Lauren A. O'Connell
I am interested in understanding how animals come up with new ways to face challenges and opportunities in their environment. These evolutionary innovations in physiology and behavior can teach us a lot about basic organismal biology, evolutionary mechanisms of adaptation, and how flexible organisms are to changing environments. I view my role in the lab as providing the resources and support for our team to accomplish their scientific questions and growth.
I grew up on a goat farm in rural Texas with a family of six. My parents are not academics and growing up low-income I did not have the social capital to navigate higher education. As a laboratory leader, I am committed to using my platform to hold myself and my academic community accountable by including and uplifting BIPOC, low-income, and first-generation students in the scientific process. My goal is for all the students I interact with to feel heard, appreciated, and valued. Training in my laboratory is focused on individual growth and professional development and I believe promoting compassion, empathy, and diversity in our team leads to happier people and more scientific innovation. To become equipped for this goal, I have completed over 60 hours of Mentorship Skill Development that includes the following modules:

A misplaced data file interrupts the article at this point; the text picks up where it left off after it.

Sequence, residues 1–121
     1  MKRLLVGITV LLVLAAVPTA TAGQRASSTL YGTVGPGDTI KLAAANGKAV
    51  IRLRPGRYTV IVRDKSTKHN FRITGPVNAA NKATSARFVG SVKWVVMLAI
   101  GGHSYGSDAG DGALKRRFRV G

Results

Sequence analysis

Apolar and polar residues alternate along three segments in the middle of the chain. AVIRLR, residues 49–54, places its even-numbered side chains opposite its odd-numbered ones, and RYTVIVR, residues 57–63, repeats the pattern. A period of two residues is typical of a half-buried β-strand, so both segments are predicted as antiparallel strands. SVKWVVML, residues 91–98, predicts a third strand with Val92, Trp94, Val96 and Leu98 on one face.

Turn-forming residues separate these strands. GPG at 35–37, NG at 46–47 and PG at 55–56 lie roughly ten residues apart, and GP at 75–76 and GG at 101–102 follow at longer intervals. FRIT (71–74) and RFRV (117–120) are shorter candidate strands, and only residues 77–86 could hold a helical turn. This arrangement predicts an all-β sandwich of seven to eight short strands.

- The Science of Effective Mentorship
- Optimizing the Practice of Mentoring
- Leveling the Playing Field by Articulating Expectations
- Improving Communication with your Mentee
- Sharing Mentorship Challenges and Solutions
- Culturally Aware Mentoring
- Cultural Self-Awareness
- Promoting Research Self-Efficacy
- Raising Issues of Culture in the Research Mentoring Relationship
- Putting Culturally Aware Principles into Practice
When not in the lab, I am hanging out with my three daughters and painting with watercolor and dreaming of one day getting back into raising goats and chickens.
Positionality Statement: I am a 38 year old white woman living in the United States. I hold a Ph.D. in Cellular and Molecular Biology and have been working in the field for the past 15 years. I recognize my position as a privileged white woman and my access to resources that are not available to everyone. I try to be mindful of my own biases and recognize how these may shape my research. I strive to listen actively to those with a different lived experience.